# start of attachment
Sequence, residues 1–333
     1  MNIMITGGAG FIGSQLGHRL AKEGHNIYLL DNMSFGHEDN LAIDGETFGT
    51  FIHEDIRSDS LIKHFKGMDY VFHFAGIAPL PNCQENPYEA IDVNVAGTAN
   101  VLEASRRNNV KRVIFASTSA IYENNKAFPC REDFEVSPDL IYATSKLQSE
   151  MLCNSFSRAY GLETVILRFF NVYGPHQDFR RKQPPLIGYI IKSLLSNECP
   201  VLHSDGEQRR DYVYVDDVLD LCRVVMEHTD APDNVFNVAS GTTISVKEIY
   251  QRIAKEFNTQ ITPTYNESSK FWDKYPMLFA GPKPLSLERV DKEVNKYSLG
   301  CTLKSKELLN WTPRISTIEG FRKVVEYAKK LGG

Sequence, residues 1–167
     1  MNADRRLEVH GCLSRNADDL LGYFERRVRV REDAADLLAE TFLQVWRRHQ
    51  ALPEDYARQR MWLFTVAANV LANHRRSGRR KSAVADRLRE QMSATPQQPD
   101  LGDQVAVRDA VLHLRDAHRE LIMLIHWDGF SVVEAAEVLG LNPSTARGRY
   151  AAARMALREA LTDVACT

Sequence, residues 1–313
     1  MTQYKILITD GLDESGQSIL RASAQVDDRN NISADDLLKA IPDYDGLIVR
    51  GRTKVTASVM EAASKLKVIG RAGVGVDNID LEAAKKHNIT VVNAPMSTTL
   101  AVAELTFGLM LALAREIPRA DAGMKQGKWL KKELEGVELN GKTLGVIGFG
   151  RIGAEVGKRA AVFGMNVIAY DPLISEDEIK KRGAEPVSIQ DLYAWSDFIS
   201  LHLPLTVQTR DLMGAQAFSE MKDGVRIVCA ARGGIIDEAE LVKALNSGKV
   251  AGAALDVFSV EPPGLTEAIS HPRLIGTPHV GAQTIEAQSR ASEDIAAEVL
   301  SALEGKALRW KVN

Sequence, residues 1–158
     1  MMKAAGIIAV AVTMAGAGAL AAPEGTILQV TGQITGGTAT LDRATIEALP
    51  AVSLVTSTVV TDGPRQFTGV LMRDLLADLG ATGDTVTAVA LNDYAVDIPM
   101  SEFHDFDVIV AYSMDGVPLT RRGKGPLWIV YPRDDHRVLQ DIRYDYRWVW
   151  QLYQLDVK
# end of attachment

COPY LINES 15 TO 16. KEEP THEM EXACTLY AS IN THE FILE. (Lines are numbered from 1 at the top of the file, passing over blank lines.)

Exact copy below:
     1  MTQYKILITD GLDESGQSIL RASAQVDDRN NISADDLLKA IPDYDGLIVR
    51  GRTKVTASVM EAASKLKVIG RAGVGVDNID LEAAKKHNIT VVNAPMSTTL